Though the works of René Descartes are seldom read, his phrase ‘cogito, ergo sum‘ has entered popular culture to the extent it is known even beyond those with little Latin and less Greek. Part of the reason for this is that Descartes was attuned to the realisation that Latin had a more limited audience than the vernacular and originally published his sentiment in French: ‘je pense, donc je suis.’ But be it Latin, French or the current lingua franca of English, ‘I think, therefore I am’ has achieved something akin to universal understanding.
Antoine-Léonard Thomas, in addition to having perhaps the shortest Wikipedia page for a man of such eloquence, expanded aptly on Descartes original to arrive at: ‘dubito, ergo cogito, ergo sum‘ [I doubt, therefore I think, therefore I am]. In revealing doubt as the central tenet in Descartes thinking, he exposed one of the challenges of modern philosophy. One which fundamentally vexed Søren Kierkegaard who apprehended that thinkers of his generation doubted, but only in a very superficial way:
Every speculative score-keeper who conscientiously marks up the momentous march of modern philosophy, every lecturer, crammer, student, everyone on the outskirts of philosophy or at its center is unwilling to stop with doubting everythingSøren Kierkegaard
This over consumption of doubt, to coin a phrase, resulted in modern thinkers failing to doubt properly. For the ancient Greeks, indeed for Descartes himself, doubting was a skill which was not easily done. One could spend a lifetime refining the act still to have a long way to travel on the journey. But contemporaries of Kierkegaard seemed to treat doubt as a beginning rather than end of speculation.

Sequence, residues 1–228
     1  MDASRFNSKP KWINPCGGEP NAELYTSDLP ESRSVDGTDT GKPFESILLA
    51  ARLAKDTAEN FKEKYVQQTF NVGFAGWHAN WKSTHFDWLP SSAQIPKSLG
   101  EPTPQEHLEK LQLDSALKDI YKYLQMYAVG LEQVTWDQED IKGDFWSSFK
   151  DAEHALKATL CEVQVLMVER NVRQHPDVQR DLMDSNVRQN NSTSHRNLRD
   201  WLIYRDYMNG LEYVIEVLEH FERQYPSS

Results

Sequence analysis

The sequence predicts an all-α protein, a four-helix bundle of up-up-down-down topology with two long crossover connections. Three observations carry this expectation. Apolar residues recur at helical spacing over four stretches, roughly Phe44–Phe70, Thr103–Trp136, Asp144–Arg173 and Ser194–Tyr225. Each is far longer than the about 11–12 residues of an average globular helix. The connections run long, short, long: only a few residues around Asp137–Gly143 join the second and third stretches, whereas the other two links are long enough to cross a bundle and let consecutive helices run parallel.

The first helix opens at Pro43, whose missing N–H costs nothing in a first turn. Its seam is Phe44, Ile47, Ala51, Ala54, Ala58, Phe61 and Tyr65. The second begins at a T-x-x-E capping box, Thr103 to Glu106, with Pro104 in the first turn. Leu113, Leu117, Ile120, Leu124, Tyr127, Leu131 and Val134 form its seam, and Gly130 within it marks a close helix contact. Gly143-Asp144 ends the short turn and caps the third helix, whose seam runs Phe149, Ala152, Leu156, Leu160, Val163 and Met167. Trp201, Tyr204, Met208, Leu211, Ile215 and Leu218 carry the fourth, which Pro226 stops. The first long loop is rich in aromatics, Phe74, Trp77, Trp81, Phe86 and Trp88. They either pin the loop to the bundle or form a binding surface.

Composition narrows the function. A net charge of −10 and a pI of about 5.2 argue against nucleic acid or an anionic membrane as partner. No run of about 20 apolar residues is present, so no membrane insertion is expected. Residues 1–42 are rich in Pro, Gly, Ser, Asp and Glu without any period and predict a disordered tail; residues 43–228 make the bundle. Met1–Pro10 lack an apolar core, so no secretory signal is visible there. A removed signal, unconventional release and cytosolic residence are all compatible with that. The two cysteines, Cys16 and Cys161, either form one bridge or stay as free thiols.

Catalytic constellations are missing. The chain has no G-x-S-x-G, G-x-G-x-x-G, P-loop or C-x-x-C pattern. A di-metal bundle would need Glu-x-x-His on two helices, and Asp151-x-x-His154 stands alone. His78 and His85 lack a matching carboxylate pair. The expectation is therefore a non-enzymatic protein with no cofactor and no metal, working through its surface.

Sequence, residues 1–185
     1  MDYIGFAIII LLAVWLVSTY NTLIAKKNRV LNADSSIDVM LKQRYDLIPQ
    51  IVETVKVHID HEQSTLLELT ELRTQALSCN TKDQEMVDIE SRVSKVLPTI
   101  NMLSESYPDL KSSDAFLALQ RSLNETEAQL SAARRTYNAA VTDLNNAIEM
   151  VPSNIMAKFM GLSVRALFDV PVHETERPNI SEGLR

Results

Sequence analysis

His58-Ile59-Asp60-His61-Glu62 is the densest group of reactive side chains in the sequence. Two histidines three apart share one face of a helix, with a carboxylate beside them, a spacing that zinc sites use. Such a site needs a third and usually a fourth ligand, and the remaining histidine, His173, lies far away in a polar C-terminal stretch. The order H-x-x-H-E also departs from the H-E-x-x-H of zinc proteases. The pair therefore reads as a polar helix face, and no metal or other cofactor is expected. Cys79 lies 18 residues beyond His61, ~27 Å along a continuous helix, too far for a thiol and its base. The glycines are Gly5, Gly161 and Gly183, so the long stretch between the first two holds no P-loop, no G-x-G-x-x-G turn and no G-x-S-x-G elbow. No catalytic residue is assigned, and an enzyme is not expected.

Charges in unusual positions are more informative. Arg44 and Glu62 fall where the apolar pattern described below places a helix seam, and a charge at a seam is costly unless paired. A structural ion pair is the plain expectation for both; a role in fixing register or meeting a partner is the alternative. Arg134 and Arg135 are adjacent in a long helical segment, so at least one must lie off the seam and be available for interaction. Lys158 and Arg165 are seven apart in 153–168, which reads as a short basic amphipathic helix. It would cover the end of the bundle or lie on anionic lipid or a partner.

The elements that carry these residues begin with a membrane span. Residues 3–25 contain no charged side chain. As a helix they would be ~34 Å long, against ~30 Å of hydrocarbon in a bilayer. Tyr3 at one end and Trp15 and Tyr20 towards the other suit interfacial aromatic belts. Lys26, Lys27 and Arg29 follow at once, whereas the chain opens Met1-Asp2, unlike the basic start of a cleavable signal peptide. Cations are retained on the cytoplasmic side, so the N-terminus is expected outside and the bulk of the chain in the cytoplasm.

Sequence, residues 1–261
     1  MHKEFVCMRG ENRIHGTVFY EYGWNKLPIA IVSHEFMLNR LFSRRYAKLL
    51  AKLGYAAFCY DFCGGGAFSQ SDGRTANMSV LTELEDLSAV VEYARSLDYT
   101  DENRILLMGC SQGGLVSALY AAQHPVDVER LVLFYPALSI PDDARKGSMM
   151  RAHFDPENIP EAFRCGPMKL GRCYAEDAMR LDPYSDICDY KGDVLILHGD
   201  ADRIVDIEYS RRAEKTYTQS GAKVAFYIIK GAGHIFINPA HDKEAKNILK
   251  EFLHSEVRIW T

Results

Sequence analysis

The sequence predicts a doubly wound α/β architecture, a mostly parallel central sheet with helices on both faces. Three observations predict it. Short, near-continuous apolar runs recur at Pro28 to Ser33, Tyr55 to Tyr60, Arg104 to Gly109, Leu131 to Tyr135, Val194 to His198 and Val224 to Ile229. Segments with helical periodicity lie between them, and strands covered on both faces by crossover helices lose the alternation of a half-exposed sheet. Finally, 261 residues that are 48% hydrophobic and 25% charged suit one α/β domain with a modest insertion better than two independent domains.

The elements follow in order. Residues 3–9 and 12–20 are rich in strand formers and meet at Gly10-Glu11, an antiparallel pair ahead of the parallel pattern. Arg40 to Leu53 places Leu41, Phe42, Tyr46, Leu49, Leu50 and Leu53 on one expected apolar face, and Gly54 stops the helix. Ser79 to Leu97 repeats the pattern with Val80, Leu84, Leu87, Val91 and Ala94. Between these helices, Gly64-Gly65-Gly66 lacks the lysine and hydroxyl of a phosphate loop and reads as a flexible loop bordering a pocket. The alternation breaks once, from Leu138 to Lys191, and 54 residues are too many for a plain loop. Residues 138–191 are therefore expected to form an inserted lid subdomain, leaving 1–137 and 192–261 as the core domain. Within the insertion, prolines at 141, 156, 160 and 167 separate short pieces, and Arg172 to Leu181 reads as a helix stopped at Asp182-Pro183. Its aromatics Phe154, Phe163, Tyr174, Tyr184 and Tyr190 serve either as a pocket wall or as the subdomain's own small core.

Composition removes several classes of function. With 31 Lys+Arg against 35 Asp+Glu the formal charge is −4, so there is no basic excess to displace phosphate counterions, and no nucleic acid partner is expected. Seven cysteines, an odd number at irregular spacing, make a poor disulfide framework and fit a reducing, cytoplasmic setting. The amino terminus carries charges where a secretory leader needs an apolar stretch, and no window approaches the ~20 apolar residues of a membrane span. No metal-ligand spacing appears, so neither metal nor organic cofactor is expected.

Kierkegaard went on to observe that doubt was the inverse of faith and that while people were too quick to start with doubt, they were also too quick to move on from faith: ‘Today nobody will stop with faith; they all go further.’
In reversing the polarity of effort with respect to doubt and faith, modern thinkers were making what should be effortful, cheap. Rather than stopping with faith and spending a lifetime testing it in the fire of doubt, thinkers were quick to doubt and thus reduced faith to a mere conceptual term. For Kierkegaard, this compression of faith into a simple and comprehensible concept meant that people were fundamentally misunderstanding that faith is an act which requires ongoing struggle.
Only by embracing the struggle, by returning to a pre-modern conception of doubt and faith – that both are a lifelong struggle and do not permit compression to a meme or tweet – can we hope to effectively wrestle with the ethical problem at hand. But effort is seldom sexy to warriors of change. That is to say, they prefer to compress faith and doubt into a single hashtag in an effort to remake the world in their image overnight. Because change at the rate of a lifetime is too long for the social media cycle.